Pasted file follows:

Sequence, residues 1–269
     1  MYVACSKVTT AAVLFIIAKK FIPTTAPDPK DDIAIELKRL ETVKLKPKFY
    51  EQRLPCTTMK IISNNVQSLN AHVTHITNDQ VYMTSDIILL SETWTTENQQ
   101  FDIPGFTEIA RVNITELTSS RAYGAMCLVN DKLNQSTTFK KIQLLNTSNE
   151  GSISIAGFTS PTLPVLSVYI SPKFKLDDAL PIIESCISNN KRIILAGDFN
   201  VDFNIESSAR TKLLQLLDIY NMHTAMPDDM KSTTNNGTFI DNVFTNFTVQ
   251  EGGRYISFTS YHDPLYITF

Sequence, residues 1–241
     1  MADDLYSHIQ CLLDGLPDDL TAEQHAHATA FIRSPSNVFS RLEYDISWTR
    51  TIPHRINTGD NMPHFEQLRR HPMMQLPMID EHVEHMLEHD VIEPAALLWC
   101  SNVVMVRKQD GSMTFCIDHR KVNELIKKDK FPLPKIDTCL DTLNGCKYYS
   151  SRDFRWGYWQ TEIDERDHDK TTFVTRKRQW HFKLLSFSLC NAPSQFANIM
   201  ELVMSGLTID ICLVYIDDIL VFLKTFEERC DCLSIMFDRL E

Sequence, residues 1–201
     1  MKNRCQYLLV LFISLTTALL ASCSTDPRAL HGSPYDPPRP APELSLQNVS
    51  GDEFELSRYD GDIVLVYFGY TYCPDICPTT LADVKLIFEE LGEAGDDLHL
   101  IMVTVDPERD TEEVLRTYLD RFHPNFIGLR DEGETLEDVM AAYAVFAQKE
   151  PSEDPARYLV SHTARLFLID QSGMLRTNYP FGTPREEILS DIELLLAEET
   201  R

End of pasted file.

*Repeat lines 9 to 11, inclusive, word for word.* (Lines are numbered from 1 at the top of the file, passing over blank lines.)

     1  MADDLYSHIQ CLLDGLPDDL TAEQHAHATA FIRSPSNVFS RLEYDISWTR
    51  TIPHRINTGD NMPHFEQLRR HPMMQLPMID EHVEHMLEHD VIEPAALLWC
   101  SNVVMVRKQD GSMTFCIDHR KVNELIKKDK FPLPKIDTCL DTLNGCKYYS